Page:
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Default Another reason to take the load off ..

A little late to this ... but other than agreeing with all of webslave's notes, an additional reason for taking the load off the tires/axles for long storage periods is to relieve stress on the wheel bearings. Been told that by several sources (RV service shops, tire shop, a few forum posts) that it is never good for the bearings to sit static under load for long periods. I like the idea of providing a little lift to the rig at the axle load points for all the above reasons. Need to investigate an efficient process for that!
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Old 05-29-2014, 11:49 AM   #14
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The tires on our camper were replaced last year. The camper was stored in the winter inside a large building where the temp never dropped below 45 degrees. Three times while in storage I moved the camper around as not to develop flat spots, and made sure they were inflated as stated. When I moved the camper back to our driveway I checked the tires and notice some very tiny sort of hair line cracks in the sidewall. Is this normal, and do I need to replace them after 1 year, or are these very tiny cracks normal? Also, as a side note does anyone make white sidewall letter camper tires?
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Old 05-29-2014, 02:51 PM   #15
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Update, our camper tires are the originals from 2007. I thought they were new as they looked brand new with the tread. I called Load Star and gave them the date on the tire and yep, made in 2007. Wow, anyway I just ordered a set of 4 Maxxis 6 ply instead of the 5 ply Load Stars that are on it now.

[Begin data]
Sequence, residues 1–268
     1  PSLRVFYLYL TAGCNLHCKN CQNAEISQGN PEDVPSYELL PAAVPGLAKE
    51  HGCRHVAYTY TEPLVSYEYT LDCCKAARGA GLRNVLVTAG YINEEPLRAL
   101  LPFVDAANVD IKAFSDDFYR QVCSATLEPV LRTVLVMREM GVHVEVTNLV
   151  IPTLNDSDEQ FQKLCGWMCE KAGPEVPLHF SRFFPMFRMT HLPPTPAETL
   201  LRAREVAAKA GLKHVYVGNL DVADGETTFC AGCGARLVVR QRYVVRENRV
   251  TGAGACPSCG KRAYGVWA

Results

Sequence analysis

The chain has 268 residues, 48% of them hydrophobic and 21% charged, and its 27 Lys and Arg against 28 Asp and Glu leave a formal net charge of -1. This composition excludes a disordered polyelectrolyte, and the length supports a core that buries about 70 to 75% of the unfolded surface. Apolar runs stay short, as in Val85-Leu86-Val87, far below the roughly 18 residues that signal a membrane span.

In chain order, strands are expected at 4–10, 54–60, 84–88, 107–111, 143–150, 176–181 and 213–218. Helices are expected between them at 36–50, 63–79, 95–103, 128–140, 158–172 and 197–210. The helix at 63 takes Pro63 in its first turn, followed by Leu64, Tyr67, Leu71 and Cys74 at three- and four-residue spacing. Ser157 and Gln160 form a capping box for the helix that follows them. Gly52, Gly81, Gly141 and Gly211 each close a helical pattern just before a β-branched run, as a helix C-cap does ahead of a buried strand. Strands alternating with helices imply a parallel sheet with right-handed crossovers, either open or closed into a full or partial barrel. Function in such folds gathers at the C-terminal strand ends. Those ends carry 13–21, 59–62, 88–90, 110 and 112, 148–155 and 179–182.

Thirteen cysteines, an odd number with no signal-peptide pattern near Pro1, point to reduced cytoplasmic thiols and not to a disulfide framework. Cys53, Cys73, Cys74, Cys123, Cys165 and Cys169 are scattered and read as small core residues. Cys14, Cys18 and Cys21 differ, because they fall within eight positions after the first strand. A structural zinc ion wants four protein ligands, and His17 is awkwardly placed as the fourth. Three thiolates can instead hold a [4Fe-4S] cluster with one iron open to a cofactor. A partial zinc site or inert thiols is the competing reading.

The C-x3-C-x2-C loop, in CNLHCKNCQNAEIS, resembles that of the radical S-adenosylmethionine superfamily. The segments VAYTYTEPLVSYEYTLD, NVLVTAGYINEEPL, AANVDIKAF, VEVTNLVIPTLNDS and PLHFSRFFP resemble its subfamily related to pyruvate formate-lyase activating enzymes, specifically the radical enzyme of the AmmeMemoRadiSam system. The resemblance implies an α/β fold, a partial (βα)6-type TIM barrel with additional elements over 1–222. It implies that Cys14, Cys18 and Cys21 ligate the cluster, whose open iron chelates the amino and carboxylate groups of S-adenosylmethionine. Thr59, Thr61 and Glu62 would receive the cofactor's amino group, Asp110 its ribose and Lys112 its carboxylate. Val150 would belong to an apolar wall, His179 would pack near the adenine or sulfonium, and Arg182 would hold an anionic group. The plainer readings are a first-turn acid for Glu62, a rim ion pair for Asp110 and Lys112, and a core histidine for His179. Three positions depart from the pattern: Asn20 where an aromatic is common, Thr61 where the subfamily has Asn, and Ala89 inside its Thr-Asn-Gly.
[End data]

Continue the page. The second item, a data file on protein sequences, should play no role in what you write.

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Old 06-01-2014, 10:28 AM   #16
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Smart move to replace. I can tell you that once they start to degrade, they do go faster than you might think. Mine are 3 years old, still essentially look new. I do take care of them, treat with UV protectant and keep them covered when not on a trip, always make sure they are at the 50lb and do not over load. I will replace likely after the five year period, regardless of their 'apparent' condition.

But several years ago we had a pop up that had tires that I treated the same way ... but I failed to watch the date. One day, while running down the freeway on the way to a shop for a wheel bearing pack, I got a wave and honk from a passerby pointing at the trailer. Pulled off and did a walk around ... one of the tires had lost about 1/2 the tread with only bare belts showing! NARROWLY missed a disastrous blowout that likely would have done significant damage to that side of the trailer because it was designed with such a low suspension. Whew ... made a believer outame! These tires were 8 years old and had just begun to show very minor checking! Just not worth pressing one's luck!